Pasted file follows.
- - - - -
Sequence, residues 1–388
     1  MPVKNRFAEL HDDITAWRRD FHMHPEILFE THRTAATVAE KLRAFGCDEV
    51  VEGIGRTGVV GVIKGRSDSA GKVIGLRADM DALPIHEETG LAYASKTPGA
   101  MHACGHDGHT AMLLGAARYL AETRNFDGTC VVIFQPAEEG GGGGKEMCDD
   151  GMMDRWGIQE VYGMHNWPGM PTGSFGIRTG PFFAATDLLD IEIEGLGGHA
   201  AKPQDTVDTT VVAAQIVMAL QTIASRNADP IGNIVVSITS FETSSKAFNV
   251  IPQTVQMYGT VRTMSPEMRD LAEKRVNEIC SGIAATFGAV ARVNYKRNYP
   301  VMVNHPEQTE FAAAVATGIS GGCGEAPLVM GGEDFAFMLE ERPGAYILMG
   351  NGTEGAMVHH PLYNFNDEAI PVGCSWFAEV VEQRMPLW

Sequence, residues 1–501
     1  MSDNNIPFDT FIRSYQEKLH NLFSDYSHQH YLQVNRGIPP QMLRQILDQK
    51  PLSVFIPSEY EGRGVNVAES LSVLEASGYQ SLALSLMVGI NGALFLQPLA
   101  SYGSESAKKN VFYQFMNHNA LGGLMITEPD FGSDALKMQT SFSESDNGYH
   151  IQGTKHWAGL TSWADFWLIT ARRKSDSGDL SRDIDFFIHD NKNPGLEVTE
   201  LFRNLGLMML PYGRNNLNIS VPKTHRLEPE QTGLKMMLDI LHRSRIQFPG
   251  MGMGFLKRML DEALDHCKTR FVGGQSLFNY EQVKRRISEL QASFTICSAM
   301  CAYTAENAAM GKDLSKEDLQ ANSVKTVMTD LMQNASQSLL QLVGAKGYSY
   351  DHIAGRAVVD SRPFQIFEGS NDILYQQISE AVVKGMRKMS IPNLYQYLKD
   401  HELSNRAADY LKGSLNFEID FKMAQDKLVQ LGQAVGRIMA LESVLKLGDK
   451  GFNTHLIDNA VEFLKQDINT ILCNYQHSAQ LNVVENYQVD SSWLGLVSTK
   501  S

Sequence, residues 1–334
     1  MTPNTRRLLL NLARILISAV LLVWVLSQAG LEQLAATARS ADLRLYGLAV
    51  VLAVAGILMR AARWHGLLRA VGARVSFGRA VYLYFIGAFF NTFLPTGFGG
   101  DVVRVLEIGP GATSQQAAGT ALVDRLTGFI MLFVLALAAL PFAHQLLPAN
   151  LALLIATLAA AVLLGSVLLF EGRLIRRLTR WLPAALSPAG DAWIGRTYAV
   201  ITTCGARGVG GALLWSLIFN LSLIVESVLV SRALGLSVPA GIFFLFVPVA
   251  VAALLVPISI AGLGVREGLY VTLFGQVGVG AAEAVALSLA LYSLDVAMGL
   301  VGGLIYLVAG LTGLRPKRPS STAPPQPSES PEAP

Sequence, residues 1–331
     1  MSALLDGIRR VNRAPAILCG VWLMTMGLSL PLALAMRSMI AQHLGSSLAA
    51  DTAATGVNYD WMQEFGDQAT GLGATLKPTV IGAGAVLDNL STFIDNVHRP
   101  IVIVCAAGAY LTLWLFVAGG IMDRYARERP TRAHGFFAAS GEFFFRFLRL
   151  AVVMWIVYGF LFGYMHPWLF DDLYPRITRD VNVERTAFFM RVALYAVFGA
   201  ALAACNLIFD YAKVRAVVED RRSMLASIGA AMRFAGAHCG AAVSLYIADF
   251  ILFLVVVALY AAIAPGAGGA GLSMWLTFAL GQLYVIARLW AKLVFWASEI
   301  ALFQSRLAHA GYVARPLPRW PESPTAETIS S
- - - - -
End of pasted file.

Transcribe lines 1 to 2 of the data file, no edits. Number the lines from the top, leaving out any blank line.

Sequence, residues 1–388
     1  MPVKNRFAEL HDDITAWRRD FHMHPEILFE THRTAATVAE KLRAFGCDEV